Sugar invades children’s breakfast products

A recent study by a UOC researcher analyzes the advertising of children’s breakfast products and their nutritional value.

Spain is one of the most acclaimed countries for the healthy nutritional value of the classic Mediterranean diet. Nevertheless, ultra-processed food products are increasingly present in the pantries of thousands of families, which is causing an increase in the rates of childhood obesity. Part of the blame is on advertising directed at children, According to a recent study () prepared by Mireia Montaña, professor and researcher at the Information and Communication Sciences Studies at the (UOC).

The study analyzed 355 campaigns of 117 breakfast products advertised between 2015 and 2019. The results showed one ofThe presence of high sugar foods in advertisements for children compared to advertising directed at adults. Specifically, the average sugar present in the products of both categories is 36.20 and 10.25%, respectively. In fact, the products most present in breakfast ads are cookies, which account for 60% of the total. It is followed by chocolate products such as spreads or cocoa powder (25% of ads for children).

Although adherence to the Mediterranean diet is maintained among the adult population, it is gradually being lost among children and young people. These increasingly prefer to have more industrial products prepared with high sugar content for breakfast, ”says Montaña. For her part, Mònika Jiménez, Professor of Advertising and Public Relations at Pompeu Fabra University (UPF) and co-author of another study on a similar topic, comments: “the further the product is from what would be the healthy nutritional parameters, the more the advertising discourse is based on hedonism or in happiness, tending more and more to persuasion (…). This is especially harmful in certain audiences, such as minors, because they are very vulnerable to these stimuli ”.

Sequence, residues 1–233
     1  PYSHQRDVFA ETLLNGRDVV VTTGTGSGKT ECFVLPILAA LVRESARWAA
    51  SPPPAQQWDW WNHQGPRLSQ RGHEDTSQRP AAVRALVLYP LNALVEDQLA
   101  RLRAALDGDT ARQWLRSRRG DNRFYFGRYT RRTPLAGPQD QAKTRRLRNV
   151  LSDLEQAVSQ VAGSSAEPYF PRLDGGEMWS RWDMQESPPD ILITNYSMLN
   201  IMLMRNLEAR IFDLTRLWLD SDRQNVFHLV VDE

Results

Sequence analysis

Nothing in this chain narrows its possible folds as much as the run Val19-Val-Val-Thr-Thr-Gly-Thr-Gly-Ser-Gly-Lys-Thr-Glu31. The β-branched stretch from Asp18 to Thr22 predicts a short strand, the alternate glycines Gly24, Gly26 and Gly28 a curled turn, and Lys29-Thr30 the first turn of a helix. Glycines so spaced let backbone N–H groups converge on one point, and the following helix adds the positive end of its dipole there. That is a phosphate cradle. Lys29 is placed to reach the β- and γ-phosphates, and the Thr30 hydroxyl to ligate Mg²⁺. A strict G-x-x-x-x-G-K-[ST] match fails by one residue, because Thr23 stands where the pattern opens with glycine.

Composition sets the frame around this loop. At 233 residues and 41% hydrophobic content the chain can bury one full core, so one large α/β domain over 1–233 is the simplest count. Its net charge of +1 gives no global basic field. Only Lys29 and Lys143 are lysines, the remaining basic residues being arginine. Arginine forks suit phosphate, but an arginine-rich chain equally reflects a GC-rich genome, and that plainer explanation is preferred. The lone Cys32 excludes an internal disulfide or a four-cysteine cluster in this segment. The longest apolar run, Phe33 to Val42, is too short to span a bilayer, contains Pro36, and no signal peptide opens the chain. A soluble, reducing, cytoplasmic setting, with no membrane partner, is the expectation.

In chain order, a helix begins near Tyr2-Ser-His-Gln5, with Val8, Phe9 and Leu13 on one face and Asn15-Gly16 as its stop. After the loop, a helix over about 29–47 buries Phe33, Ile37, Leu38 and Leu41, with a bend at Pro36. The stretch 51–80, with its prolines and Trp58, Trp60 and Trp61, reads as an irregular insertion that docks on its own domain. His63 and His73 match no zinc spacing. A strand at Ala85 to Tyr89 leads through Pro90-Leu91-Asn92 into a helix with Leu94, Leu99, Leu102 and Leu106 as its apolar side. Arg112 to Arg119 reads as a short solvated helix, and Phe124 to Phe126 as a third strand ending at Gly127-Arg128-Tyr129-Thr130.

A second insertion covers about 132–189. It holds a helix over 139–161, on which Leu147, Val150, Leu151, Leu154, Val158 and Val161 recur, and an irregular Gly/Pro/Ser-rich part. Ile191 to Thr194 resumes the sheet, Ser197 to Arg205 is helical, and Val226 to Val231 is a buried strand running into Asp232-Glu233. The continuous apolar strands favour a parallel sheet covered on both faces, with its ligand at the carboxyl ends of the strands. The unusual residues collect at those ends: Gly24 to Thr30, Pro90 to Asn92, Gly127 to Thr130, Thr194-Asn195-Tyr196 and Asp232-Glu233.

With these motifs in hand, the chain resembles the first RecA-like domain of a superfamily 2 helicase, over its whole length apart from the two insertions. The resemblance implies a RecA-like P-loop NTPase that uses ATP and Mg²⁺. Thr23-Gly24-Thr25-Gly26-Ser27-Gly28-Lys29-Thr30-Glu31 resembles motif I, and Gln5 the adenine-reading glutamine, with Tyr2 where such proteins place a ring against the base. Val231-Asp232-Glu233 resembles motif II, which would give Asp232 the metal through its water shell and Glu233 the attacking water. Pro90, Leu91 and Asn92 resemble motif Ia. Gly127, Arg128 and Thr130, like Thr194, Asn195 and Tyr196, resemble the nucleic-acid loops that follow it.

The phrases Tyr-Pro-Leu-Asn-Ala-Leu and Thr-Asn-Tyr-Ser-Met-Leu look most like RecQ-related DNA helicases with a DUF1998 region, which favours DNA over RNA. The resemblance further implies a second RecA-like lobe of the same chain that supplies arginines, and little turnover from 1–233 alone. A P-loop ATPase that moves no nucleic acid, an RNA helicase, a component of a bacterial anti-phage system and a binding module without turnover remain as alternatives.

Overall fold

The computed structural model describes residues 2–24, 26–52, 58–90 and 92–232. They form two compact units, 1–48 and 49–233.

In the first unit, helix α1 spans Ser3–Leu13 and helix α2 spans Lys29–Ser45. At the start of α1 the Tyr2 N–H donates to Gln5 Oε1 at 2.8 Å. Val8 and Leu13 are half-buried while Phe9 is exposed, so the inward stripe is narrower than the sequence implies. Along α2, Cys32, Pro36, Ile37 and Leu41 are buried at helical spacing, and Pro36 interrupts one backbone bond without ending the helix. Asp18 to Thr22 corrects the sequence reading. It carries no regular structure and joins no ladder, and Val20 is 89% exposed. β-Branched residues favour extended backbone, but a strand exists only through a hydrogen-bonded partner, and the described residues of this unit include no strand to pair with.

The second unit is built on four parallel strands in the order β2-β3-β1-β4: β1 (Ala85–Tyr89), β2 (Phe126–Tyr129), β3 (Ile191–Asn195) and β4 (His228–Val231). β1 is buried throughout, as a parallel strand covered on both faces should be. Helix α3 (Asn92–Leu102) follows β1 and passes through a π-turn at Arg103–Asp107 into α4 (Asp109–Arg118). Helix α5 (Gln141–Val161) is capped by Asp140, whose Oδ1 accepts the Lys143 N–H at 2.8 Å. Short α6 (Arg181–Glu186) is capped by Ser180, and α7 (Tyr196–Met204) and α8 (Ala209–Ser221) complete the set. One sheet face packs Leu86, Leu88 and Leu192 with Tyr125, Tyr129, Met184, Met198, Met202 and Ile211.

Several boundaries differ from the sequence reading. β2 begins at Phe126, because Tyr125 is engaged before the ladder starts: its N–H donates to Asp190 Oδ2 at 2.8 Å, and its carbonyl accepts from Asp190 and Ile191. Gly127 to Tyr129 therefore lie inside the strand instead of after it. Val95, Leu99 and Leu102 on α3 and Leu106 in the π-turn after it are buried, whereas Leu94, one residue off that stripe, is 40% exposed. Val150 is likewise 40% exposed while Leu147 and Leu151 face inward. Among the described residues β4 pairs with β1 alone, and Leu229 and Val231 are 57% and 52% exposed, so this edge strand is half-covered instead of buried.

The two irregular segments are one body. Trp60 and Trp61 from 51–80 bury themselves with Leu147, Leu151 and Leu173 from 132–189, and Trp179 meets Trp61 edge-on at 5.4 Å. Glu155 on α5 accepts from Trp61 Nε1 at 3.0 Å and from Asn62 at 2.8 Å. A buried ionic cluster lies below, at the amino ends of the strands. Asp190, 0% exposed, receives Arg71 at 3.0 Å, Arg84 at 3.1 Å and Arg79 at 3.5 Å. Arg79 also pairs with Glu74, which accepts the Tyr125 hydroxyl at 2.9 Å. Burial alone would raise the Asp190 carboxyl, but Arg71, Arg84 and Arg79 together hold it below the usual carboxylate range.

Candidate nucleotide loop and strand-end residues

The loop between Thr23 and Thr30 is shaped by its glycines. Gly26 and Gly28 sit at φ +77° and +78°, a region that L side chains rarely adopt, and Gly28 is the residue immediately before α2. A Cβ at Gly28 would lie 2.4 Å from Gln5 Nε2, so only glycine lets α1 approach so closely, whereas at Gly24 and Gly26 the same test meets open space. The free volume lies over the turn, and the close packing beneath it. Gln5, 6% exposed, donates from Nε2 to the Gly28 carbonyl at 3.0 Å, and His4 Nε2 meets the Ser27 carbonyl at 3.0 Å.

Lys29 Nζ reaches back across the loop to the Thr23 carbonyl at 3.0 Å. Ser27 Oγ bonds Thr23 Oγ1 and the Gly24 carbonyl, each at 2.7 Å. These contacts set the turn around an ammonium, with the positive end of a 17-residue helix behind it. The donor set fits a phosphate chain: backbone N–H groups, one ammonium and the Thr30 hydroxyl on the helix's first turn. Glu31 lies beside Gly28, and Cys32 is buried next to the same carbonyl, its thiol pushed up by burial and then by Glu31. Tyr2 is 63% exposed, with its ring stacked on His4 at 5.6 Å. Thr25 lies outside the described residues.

The effect pester power

The effect pester power it refers to “the influence of children on their parents’ shopping habits”. This causes sugary and ultra-processed children’s products end up forming part of the whole family’s diet. Children, for their part, being more vulnerable to advertising, become more insistent consumers.

According to Professors Montaña and Jiménez, television is the star channel to achieve an attraction effect towards these types of products. The data of the study reflect a presence of the commercials in TV of 39%, in radio, of 28%; on the internet, 18%; in press, 6%; in magazines, 5%; in outdoor advertising, 2%, and in the cinema, 0.56%.

Solutions and legal framework

The two experts point to the need to restrict the advertising of unhealthy foods directed at young children with fragile critical thinking. In Spain, there is a regulatory framework that was developed in line with the strategy (Nutrition, Physical Activity and Prevention of Obesity). This is the PAOS Code, which, according to the UOC, “aims to regulate advertising aimed at minors to avoid promoting childhood obesity”. However, brands manage to circumvent these regulations by claiming that their ads are also aimed at adults and fall into various time slots.

Other alternatives to stop this situation are better nutrition education for both parents and children, as well as la rise in taxes on products with low nutritional value or high in sugar.

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Source: Marketing Directo by www.marketingdirecto.com.

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